A primary school in Shoreham marked the end of a five year journey of planning and building by celebrating the official opening of a new school building last Monday (July, 24).
St Nicolas and St Mary CE Primary School, in Eastern Avenue, held a special assembly which included ‘lots of music and lots of singing’ to open its new two storey block – which houses eight classrooms, an art classroom, staff space and new toilets.
Andrew Lincoln, acting headteacher, said: “It was a fantastic opportunity for all the school community – from pupils to parents and everyone who has contributed – to celebrate their hard work, of which we are going to reap the benefits.
“It’s great to have this facility and there are exciting times ahead.”
He added that the school was ‘very grateful’ to West Sussex County Council for funding the new building.
Dr Martin Warner, the Bishop of Chichester, was welcomed to the assembly and gave a speech about the importance of firm foundations.
He then led a procession outside and, following a performance from a live band, unveiled a plaque revealing the name of the new building.
After a competition among pupils to come up with a name, the building was called The Ark – reflecting the fact that each class is named after an animal.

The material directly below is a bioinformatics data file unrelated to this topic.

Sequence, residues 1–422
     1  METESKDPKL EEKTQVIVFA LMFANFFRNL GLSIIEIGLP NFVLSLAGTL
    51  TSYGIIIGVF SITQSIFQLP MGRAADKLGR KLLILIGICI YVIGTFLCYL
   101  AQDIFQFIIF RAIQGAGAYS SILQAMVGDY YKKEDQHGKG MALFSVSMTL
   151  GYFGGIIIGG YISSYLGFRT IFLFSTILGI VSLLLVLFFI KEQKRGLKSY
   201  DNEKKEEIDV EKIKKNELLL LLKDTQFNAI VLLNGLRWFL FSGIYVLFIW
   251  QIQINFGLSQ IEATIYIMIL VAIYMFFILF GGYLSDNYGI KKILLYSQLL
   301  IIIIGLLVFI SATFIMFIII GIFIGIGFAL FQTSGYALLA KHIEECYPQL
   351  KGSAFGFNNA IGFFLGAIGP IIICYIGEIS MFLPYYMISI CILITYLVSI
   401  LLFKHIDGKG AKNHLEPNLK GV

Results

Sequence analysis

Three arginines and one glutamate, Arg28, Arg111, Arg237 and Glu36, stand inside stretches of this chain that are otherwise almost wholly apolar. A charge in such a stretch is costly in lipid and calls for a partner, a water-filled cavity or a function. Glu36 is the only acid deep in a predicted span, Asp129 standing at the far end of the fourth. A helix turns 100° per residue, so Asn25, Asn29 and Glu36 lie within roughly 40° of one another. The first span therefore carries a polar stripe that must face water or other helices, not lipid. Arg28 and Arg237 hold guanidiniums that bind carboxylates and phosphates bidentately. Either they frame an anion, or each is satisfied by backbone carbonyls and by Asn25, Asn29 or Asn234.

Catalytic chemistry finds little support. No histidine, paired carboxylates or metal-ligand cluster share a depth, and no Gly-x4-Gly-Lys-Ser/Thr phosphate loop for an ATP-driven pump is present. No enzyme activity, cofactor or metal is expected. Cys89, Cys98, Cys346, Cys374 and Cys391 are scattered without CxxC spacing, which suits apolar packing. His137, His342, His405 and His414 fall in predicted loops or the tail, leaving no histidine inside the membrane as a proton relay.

David Etherton, executive headteacher, hoped the title would inspire pupils to create animal themed sculptures and murals to decorate the new building.
He said the day had been ‘really brilliant’ and said of the new building: “We are really delighted with it, there is so much space inside.
“The children love it.”
The primary had been a one form entry school with 30 pupils per class for years, until it was decided in 2012 to start the process of taking on another form per year, due to the ‘huge demand’ for places at the school and a shortage of school places across Shoreham more generally.
Three years ago the school celebrated the first phase of their expansion with a new foyer, hall and staff room.
The opening of the building marked the completion of the second and final phase of the expansion.
The five temporary mobile cabins which had been used for classes will disappear over the summer as the school makes full use of the new facility from September.
However, Mr Etherton said the expansion was still not sufficient to address Shoreham’s shortage of school places – which is why the school chose to make a bid, which has been successful, to open a second primary in the town.
It will be called St Clement and will also have two forms per school year.
He said the new school would retain the same strong Christian ethos and values, but without the requirement that parents attend church.
He said: “It’s really exciting.
“It will give parents more choice and will relieve some of the pressure on school places in the area.”